Impact of personality functioning on cognitive behavioral treatment of panic disorder: A preliminary report

J. H. Rathus, W. C. Sanderson, A. L. Miller, S. Wetzler

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Abstract

Although research has demonstrated the efficacy of cognitive behavioral therapy (CBT) for the treatment of panic disorder (PD), some patients do not have an adequate response to this treatment. Several previous studies found that personality functioning was a prognostic indicator of treatment outcome. The present study examined the effects of personality characteristics on outcome of 18 PD patients treated with a 12-week trial of CBT. Results of this study indicated that although looking at the presence of significant scale elevations on the Millon Clinical Multiaxial Inventory-II (MCMI-II) yielded no outcome differences, treatment responders showed relative differences in specific personality characteristics (lower initial scores on borderline, histrionic, schizoid, schizotypal, antisocial, aggressive/sadistic, and self defeating scales, and higher initial scores on the compulsive scale). Additionally, the entire group of panic disorder patients showed global improvement in personality functioning with changes on each MCMI-II scale from pre- to post-treatment. Findings are discussed in terms of the utility of assessing personality characteristics in PD patients, dimensional versus categorical assessment of personality, and the impact of CBT on personality.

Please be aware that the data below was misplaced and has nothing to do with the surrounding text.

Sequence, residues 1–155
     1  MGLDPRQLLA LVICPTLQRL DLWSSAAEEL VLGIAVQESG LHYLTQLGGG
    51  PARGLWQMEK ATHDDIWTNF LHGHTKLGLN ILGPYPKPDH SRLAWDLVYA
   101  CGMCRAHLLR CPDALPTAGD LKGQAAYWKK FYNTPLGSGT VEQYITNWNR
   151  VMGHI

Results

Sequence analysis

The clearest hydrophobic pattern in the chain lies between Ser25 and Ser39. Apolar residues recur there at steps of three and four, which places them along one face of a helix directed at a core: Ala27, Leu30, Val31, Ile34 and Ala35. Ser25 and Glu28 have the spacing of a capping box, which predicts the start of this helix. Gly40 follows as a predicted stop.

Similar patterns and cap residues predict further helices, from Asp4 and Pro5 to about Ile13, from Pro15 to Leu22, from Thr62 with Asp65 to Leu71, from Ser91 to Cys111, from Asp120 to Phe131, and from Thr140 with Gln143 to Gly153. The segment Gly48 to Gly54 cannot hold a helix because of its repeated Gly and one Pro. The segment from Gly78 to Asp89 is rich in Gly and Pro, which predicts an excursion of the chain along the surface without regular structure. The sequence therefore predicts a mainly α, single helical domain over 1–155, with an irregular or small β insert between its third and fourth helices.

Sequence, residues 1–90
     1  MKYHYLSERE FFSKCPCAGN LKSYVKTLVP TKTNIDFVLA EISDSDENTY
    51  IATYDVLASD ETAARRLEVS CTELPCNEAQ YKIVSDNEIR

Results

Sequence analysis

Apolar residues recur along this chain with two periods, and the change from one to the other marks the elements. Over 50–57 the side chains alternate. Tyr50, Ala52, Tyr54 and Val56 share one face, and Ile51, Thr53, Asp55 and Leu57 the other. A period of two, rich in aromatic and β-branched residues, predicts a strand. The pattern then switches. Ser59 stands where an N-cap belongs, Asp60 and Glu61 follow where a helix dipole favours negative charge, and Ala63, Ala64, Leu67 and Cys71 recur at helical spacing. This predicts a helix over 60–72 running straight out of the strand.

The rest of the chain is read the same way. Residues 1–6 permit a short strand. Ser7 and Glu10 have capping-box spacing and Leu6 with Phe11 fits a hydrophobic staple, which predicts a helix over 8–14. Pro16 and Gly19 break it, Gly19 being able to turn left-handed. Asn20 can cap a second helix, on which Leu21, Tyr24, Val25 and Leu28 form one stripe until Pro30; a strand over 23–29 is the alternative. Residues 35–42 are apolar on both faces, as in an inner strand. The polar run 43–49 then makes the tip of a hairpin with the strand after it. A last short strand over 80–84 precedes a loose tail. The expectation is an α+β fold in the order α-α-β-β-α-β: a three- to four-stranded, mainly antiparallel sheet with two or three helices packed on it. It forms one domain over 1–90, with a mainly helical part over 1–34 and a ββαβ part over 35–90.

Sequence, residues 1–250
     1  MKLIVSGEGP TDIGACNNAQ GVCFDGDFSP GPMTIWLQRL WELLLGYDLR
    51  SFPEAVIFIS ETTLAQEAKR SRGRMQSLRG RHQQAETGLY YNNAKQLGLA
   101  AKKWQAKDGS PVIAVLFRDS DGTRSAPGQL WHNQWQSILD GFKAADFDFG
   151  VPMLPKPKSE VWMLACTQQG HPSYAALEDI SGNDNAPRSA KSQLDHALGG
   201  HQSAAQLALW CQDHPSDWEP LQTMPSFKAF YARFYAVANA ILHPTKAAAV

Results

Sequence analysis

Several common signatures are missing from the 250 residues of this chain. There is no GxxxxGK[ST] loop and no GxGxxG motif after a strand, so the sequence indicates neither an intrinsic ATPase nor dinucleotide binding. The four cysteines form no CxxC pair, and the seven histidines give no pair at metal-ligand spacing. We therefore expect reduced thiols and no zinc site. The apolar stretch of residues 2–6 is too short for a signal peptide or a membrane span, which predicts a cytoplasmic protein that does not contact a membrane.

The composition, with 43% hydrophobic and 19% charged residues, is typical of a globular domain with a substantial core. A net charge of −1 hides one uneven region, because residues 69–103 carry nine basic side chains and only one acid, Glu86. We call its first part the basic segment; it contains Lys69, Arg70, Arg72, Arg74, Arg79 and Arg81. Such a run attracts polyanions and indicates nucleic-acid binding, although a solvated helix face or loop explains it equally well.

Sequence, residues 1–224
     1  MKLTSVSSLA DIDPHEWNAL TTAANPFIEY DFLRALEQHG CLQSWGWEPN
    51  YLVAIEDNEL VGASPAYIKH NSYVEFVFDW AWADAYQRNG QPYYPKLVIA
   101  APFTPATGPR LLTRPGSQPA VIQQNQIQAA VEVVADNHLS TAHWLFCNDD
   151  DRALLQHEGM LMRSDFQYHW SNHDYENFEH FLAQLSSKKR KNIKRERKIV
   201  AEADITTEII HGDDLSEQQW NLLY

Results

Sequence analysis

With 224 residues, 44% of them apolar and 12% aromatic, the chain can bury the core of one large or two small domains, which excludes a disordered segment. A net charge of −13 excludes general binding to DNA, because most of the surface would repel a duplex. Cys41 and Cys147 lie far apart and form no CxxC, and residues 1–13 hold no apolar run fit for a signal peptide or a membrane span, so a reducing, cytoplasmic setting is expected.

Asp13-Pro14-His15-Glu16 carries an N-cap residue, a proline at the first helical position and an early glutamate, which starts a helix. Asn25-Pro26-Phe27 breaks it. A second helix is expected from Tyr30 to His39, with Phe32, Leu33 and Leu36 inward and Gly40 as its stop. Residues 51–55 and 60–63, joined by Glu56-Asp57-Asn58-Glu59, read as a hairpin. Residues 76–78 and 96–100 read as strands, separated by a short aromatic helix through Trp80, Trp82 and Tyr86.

Original languageEnglish (US)
Pages (from-to)160-168
Number of pages9
JournalJournal of Personality Disorders
Volume9
Issue number2
DOIs
StatePublished - Jan 1 1995

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ASJC Scopus subject areas

  • Clinical Psychology
  • Psychiatry and Mental health

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